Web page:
Anyone who has seen a nature documentary or something about climate change knows that bees are essential to life as we currently know it. The busy bees not only make delicious honey to sweeten your fresh mint tea, they also pollinate flowers and plants. Bee numbers are declining because we have fewer flowers and plants outdoors and because they are being killed by pesticides and diseases. If the bees have no food, we have no food. So do your bit and create a bee-friendly garden!
BEE AND FLOWER CALENDAR
The Milieu Centraal website features a handy calendar with flowers and plants that can make your garden attractive to honeybees and bumblebees. And it doesn’t need to be complicated. The calendar includes lavender, Verbana, Buddleja and ivy. You're bound to be familiar with those, and they account for a large proportion of the year.
TIPS FOR BEES IN YOUR GARDEN
As well blooming flowers and plants in your garden - check the calendar - there are other things you can do to lend bees a helping hand. For example, try installing a bee hotel: one of those cute little houses that contains what looked like rolls of parchment. It’s also best to avoid using pesticides. This applies both to pesticide use in the garden and on seeds and new plants that you want to plant in the garden. Always read the label, and if you’re unsure what an ingredient is, ask at the garden centre.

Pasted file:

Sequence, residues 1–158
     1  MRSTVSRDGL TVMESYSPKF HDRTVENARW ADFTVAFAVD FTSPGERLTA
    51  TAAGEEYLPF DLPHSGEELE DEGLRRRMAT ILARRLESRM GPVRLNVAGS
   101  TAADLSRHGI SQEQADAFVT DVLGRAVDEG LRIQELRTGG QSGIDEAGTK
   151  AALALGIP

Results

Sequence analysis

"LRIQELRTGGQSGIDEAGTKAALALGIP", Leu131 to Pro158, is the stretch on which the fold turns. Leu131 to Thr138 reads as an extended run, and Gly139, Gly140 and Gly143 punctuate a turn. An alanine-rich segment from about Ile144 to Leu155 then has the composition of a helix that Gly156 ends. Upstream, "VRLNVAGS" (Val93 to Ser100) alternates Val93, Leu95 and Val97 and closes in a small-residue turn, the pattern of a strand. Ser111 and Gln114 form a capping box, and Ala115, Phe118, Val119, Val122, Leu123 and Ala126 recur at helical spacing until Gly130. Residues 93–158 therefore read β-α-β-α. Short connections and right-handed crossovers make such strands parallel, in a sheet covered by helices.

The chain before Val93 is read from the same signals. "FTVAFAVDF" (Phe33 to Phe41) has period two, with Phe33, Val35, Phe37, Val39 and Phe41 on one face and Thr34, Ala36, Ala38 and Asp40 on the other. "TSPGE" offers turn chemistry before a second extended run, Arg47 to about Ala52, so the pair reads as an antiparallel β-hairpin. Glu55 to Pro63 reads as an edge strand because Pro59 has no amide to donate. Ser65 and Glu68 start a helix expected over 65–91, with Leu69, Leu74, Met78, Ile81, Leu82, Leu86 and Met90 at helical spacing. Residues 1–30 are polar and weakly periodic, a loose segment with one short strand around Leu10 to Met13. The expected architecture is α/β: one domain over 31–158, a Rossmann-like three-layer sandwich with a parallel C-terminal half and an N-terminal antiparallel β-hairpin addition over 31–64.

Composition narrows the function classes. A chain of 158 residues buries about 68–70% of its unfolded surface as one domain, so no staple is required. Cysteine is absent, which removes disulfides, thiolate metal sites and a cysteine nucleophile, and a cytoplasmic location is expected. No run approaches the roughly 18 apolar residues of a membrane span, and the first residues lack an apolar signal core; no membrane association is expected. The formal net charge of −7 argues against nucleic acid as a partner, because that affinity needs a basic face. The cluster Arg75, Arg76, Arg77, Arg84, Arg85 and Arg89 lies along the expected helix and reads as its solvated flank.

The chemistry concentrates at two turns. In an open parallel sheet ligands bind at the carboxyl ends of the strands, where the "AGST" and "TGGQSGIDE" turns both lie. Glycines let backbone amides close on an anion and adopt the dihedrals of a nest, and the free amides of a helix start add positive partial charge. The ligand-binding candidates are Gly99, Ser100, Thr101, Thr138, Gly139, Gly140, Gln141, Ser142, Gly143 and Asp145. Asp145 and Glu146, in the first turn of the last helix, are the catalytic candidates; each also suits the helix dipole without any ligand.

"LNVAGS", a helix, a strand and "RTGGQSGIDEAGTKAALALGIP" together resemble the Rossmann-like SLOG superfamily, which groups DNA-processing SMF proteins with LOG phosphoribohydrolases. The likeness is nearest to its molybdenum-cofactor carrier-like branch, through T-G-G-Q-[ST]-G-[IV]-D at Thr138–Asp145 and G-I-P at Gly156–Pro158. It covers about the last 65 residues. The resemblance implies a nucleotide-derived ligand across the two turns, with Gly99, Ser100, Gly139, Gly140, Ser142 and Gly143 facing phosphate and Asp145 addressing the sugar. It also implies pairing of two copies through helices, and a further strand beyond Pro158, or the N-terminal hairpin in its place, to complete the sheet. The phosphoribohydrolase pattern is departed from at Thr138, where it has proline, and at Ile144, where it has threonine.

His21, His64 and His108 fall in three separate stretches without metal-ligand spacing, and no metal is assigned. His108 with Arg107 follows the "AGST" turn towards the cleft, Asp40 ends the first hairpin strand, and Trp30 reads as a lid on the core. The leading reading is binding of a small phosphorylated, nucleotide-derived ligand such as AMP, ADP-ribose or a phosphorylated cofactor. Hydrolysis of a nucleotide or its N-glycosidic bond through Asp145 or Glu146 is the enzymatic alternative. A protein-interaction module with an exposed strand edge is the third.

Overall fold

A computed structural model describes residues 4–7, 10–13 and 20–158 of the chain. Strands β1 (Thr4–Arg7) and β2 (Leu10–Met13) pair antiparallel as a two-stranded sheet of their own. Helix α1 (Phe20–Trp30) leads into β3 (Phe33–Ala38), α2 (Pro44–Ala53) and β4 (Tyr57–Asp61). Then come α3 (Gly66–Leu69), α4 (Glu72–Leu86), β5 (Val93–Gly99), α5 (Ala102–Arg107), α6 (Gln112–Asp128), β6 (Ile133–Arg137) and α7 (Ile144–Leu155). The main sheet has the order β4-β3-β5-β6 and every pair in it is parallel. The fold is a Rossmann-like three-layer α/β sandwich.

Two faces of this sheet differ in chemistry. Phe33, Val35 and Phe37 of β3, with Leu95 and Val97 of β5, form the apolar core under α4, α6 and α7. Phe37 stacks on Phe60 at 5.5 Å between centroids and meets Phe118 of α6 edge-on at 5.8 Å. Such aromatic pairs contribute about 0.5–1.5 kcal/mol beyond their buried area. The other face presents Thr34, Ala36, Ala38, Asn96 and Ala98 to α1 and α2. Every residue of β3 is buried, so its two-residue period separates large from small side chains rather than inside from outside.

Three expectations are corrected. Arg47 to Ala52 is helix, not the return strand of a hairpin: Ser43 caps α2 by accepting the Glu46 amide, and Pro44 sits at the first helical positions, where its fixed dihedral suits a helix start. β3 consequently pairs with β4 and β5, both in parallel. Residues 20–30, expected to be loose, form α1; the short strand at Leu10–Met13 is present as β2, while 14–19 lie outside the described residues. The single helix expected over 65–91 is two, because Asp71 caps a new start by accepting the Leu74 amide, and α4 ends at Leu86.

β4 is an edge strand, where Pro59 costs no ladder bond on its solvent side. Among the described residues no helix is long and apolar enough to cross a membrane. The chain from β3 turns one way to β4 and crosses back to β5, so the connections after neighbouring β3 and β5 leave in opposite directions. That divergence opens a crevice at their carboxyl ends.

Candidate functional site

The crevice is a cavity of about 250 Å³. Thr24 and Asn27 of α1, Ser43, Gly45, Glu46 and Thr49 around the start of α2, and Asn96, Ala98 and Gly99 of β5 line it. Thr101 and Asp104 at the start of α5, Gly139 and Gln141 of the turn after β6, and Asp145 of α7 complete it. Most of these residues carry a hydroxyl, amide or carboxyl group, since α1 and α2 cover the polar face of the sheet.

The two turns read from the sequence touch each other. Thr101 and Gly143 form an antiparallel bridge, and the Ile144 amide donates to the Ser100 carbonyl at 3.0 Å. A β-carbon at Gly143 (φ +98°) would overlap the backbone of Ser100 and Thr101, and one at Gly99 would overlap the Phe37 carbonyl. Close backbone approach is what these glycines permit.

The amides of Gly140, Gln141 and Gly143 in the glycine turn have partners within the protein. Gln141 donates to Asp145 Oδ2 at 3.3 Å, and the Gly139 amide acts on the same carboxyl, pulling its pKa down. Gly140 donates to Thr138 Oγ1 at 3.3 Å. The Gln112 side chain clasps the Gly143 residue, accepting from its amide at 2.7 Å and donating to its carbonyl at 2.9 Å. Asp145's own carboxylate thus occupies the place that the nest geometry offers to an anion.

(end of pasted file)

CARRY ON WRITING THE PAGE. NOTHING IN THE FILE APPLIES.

A WILDLIFE-FRIENDLY GARDEN
We have written about a wildlife-friendly garden before. How can you help birds, slugs and snails, hedgehogs and bees? Take a look at our slugs and snails article, an autumn garden full of wildlife and sunflowers as snacks from birds. You can make your garden as wildlife-friendly as you want. There might be some scrabbling here and there or you might be surprised by a guest living in a plant pot, but generally it’s great fun to have all this activity going on in the garden, isn’t it?